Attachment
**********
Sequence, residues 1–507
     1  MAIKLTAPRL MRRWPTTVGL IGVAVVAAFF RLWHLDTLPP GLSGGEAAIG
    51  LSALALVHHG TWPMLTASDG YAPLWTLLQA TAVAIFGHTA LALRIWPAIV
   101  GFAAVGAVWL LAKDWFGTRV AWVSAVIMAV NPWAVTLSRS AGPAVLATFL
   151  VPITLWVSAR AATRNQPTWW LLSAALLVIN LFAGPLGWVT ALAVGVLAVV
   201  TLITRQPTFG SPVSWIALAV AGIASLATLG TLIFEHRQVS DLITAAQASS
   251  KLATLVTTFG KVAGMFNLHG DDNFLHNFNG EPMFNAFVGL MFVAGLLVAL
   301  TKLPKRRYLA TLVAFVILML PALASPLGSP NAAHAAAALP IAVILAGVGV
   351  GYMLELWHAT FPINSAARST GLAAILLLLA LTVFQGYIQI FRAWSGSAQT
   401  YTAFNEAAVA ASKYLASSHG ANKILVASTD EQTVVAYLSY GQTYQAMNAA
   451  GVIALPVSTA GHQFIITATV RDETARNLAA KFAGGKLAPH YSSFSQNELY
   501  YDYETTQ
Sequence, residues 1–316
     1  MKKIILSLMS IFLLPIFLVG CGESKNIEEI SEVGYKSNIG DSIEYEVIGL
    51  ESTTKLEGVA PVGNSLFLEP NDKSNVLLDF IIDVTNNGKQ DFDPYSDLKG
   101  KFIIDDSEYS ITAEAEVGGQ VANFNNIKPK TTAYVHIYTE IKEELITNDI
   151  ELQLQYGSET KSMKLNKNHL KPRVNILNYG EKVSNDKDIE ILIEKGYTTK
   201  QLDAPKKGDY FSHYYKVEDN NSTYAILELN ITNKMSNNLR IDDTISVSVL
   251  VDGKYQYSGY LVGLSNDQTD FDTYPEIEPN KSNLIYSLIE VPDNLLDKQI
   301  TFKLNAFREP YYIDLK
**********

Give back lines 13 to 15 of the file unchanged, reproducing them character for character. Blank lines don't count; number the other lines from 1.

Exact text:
Sequence, residues 1–316
     1  MKKIILSLMS IFLLPIFLVG CGESKNIEEI SEVGYKSNIG DSIEYEVIGL
    51  ESTTKLEGVA PVGNSLFLEP NDKSNVLLDF IIDVTNNGKQ DFDPYSDLKG